To date, Motorola has donated over RMB7 million in cash, products and services. The second phase of donation includes RMB2 million in cash, of which the amount from China employees alone has reached over 1.65 million so far; and RMB3 million worth of equipment.
Once again, we want to express our sincere appreciation to Ruey Bin Kao, president of China, and the local team’s immediate response and initiation to offer help and support to the affected area. The emergency response communications equipment and mobile communications infrastructure equipment that Motorola donated have already arrived Sichuan, and the mobile phones are also on their way. Our Motorola engineers are on-site in the affected areas working with our customers and partners to provide technical support. During this time when we are still coming to grips with this profound tragedy, we have been touched and are proud of what the employees, businesses and functions are contributing towards the disaster relief efforts.
We had a similar experience here in the US, after 9/11. For at least a week after the tragedy, there were no entertainment shows on TV, no late night talk shows, etc. The whole country just watched TV news and prayed every night. There were great moments of unity, everyone lit a candle at the same time, moments of silence, people putting flags on their car, etc. Everyone became very patriotic, (we even had a boycott of French products, because many people were angry that they did not support us in the war afterward).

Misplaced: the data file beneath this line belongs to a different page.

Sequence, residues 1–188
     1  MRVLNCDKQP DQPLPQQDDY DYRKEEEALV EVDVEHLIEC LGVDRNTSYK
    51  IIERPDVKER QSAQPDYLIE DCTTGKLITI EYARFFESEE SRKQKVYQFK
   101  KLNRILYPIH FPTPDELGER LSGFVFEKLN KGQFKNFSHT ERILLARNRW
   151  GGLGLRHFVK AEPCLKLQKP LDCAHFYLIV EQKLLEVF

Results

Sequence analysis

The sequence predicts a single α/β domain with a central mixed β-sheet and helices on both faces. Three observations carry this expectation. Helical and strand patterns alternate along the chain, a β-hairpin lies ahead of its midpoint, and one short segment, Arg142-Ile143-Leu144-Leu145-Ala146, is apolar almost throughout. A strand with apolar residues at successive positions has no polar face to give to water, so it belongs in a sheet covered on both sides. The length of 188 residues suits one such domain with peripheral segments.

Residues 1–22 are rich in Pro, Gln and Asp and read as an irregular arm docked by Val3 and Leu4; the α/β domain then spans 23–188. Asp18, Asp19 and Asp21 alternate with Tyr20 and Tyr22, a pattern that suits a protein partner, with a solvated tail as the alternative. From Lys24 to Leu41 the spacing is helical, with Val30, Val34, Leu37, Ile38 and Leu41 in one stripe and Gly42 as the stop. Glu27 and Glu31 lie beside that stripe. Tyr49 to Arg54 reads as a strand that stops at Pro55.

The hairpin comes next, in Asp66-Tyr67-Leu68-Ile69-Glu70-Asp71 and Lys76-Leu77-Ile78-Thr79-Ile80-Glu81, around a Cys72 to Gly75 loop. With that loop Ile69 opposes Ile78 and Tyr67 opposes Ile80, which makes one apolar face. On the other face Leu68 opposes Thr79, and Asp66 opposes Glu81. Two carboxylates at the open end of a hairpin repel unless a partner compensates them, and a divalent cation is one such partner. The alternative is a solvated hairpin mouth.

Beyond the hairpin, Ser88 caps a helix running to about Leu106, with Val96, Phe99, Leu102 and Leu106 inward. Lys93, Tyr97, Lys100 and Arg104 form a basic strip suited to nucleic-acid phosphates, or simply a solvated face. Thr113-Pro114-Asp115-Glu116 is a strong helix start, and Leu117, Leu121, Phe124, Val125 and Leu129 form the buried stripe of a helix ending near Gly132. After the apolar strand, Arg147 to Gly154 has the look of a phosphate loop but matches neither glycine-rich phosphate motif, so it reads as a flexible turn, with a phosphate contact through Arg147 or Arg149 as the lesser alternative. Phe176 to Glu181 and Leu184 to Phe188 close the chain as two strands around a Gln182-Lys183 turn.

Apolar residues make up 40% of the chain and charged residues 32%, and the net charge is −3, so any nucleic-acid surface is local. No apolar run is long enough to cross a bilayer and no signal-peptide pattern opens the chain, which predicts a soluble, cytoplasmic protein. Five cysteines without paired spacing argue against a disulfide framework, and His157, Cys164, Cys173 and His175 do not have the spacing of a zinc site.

There was one unfortunate downside of that time of unity in the US. Everyone felt so patriotic, there was widespread support to go to war against Iraq, because the government said and people believed that Iraq was involved in 9/11. Now many in US regret that decision.
Unity and patriotism are the two most widely accepted and lest thought about concepts that almost everyone of us in China consider good. They deserve serious debate. A lot of bad things happened under the name of unity and patriotism already in the history. The U.S. attack of Iraq, the start of WWII, the Japanese invasion of China, the Chinese culture revolution, and the recent attacks on citizens that refuse to donate money or donated too little according to a ‘standard’. The wrong concept is most easily preached during the difficult times.
It may not be a good time to write these words. But please be vigilant when everybody is talking about unity and patriotism and be courageous enough to say something different.
It is admirable indeed how the people have stood strong amid the earthquake. As I watched the events on search and rescue, and plans to reconstruct Sichuan on CCTV, I got a glimpse of how a strong people, united furthermore by the disaster, do every thing to help one another.
erm “thoughts after one week of earthquake” doesn’t sound quite right. I guess you meant “thoughts one week after the earthquake”